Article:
Tuesday, January 10, 2017

Hot Springs Trail ~ Part 21 ~ Wells, Nevada to the Idaho Border

What a relief to be on a road again and to make it into Wells, Nevada. 
It usually played out well that way. I would hike just enough cross country miles or bad trail miles and then it would be time to enjoy a good dirt road where one would just coast the miles away without having to micro-manage every step you take.

After leaving a motel in Wells the next day I saw the same forest service guy working outside the forest service station. Turns out he is indeed an expert on the condition of trails in the region and Dennis and Kyra (a biologist) offered me some good advice. They seemed excited that somebody was actually using some of their trail system. 

The goal now was to walk 213 miles across a vast remote section of land and wilderness to Hammett, Idaho on Interstate 84. Much of this route, except for the Jarbidge Mountains, I would have to take 30 to 40 miles of water with me at near 100 degree temperatures.

Zoner had hitched back to Elko to buy a bicycle at Walmart to bike his way all the way to Stanley, Idaho so that he could explore the hot springs more efficiently. I instead would be walking this entire route. I could tell I was now ahead of Zoner because I could see no sign of bicycle tracks.

One of my intentions for hiking through Nevada was to see an actual ufo. On my hike into the night out of Wells, I saw something that I had never seen before. Groups of lights would flash brightly on and off as if they were giant fireflies communicating with each other. There would be 3 to 6 lights. Then there position would move further away into the mountains from my vantage point. I saw this on and off  again flashy dance eight times until they were too far away to see. It was very unusual and quite unique to witness.

Again, I ran into a local rancher who was just tickled to see someone walking this far into the outback.

The Canyon at Mary's River near the official Jarbidge Wilderness was amazing to take in and be part of.  The rocks held a certain vitality that uplifted my core spirits. At mile 575 at a trail junction, I spent the night.when suddenly I heard mexican music blasting. Suddenly out of nowhere a south american sheep-herder walked past me with his dog. It must have been odd for him to see me laying there in the dark without a tent right next to a primitive trail. He just smiled and continued on his way. 

In the morning i saw him again at his camp just ahead and we waived to each other. This trail after the junction was both easy and hard to follow.  The sheep made a good trail but also created a lot of other routes going in other directions. I apparently got off of the official route at one point and used the gps to point me once again on the right track.

These mountains were much more beautiful than i expected them to be.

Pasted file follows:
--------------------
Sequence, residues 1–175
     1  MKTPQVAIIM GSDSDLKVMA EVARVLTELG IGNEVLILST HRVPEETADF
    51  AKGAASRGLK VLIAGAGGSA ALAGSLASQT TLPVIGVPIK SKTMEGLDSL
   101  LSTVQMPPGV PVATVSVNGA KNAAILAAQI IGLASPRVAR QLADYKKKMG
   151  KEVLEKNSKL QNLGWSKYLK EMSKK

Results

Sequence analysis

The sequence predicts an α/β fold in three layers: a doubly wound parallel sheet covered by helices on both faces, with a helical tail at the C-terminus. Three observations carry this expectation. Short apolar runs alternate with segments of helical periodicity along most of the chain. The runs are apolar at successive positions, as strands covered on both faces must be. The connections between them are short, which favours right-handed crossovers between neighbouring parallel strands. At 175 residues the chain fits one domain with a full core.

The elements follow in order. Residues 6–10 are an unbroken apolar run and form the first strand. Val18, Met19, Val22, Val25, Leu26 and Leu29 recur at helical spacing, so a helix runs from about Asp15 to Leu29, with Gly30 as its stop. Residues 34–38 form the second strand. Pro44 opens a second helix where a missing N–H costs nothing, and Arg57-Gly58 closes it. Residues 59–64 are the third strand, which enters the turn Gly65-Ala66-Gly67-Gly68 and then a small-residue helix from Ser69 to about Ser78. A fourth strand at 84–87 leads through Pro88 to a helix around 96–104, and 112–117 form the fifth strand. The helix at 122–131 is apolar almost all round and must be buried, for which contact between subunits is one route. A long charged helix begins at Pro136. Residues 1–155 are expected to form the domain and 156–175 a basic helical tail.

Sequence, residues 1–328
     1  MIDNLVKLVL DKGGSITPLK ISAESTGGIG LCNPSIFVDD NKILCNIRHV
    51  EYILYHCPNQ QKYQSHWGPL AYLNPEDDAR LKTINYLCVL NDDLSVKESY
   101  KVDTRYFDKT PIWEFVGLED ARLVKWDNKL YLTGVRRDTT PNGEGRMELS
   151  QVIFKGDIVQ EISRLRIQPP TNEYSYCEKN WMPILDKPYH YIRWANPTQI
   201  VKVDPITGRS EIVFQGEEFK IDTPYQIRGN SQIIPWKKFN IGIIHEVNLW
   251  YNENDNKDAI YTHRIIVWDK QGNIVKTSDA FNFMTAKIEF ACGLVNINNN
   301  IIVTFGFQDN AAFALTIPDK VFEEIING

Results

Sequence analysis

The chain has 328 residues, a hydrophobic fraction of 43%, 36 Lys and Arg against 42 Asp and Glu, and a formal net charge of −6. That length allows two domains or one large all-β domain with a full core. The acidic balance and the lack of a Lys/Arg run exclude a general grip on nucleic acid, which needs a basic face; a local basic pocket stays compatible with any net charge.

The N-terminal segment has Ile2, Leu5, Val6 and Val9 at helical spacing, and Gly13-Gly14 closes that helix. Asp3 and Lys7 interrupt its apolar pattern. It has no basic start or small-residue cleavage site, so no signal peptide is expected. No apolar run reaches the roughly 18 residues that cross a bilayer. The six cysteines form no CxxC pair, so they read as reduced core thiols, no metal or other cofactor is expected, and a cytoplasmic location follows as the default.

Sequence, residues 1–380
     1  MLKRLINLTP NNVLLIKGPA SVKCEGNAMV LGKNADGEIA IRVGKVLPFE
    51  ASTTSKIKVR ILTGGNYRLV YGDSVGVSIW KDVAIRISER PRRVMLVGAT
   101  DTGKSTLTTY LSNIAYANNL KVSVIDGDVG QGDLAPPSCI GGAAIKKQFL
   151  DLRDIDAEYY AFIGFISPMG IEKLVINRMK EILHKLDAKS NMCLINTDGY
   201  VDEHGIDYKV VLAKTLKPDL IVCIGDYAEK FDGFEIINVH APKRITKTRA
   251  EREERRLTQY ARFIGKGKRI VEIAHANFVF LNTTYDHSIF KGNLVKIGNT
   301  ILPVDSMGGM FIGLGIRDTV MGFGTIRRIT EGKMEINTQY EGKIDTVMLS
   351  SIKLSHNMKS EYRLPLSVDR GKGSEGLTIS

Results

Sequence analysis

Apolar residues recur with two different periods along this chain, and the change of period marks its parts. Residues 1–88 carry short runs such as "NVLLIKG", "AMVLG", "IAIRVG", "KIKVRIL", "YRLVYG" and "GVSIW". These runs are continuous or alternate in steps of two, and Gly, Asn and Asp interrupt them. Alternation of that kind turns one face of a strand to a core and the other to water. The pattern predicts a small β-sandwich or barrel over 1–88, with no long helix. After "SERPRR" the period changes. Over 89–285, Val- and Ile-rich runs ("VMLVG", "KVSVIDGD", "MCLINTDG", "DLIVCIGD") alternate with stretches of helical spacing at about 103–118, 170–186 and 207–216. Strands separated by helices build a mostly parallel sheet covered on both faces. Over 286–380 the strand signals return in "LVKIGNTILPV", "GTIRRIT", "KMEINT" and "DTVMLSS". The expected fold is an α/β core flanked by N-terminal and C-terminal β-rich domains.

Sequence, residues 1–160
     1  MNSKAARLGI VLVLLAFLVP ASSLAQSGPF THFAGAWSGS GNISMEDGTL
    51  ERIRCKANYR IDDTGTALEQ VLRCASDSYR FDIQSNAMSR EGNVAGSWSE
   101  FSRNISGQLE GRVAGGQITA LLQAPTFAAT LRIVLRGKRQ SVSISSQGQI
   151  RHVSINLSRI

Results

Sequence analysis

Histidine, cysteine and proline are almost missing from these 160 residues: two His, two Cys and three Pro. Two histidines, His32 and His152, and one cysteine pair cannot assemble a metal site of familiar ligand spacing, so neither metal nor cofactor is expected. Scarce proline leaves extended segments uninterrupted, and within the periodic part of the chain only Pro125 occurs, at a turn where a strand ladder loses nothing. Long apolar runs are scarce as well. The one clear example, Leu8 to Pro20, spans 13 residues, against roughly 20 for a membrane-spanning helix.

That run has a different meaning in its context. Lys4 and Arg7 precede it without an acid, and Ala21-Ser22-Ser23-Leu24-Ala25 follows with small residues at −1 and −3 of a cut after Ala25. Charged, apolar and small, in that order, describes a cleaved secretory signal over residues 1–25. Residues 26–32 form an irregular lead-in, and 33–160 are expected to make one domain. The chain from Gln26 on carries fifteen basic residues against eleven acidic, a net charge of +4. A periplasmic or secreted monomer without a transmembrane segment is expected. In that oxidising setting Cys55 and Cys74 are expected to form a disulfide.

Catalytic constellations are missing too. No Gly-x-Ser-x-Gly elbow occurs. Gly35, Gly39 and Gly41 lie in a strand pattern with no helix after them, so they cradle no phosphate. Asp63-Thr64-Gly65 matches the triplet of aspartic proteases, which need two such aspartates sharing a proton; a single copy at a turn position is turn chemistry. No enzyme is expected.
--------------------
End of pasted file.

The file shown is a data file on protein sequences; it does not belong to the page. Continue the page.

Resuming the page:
Again, the higher up I went, the easier it was to follow the trail with a few minor exceptions. It was handy to refer to the smartphone on a couple of occasions. 

The southern side of the Jarbidge Mountains was immaculate. I loved the northern side as well, but some of the route had been devastated by more recent fires.

I ended up listening to only half of Dennis's advice about the trails in this region. That turned out to be a mistake. Zoner uses maps from National Geographic and a lot of them are really outdated. I ended up following his route down from near Mary's Peak into the east fork of the jarbidge river trail. This trail was mostly wiped out by fires but was easy to maneuver through in comparison to the northern Ruby Range. His maps have you hugging the river closely, but the newer Caltopo Forest Service maps clearly shows that the trail had been moved up slope at some point.  This uncertainly kept me bushwhaking in search of the trail.

Dennis suggests taking the Emerald Basin Trail near Mary's Peak to Emerald Lake. From there continue on down the Cougar Creek Trail until one merges with the East Fork of the Jarbidge River Trail where it is actually kept in good shape by hunters with horses.

The next point of contention is where one meets up with the Three Day Creek Trail. The trail is obviously maintained up this way, whereas I did not even see an existing trail where Zoner wanted me to go.  Having just gone through the mess that i did, I certainly was going to listen to Dennis's advice this time around.

If you go this way, there is a great spring right before Dave Creek. From Dave Creek, gather enough water to get yourself to Murphy Hot Springs.

I took dirt road 073 all the way into Idaho. This route to me is much better because it shortens the distance between water sources at the beginning of Idaho and actually takes you into the town of Murphy Hot Spring where you can actually put your hands in some hot water. :)

Coming out of the Jarbidge Wilderness, I came across a hunter who was scoping out the area for a fall hunt.  I told him I never actually saw any signs of elk through the entire mountain range.  He loved talking with me and gave me a cold pepsi to cool me off.

During the night, a barrage of fancy atv's and dune buggies blew by me at hyper speed apparently on their way to the ghost town of Jarbidge.  

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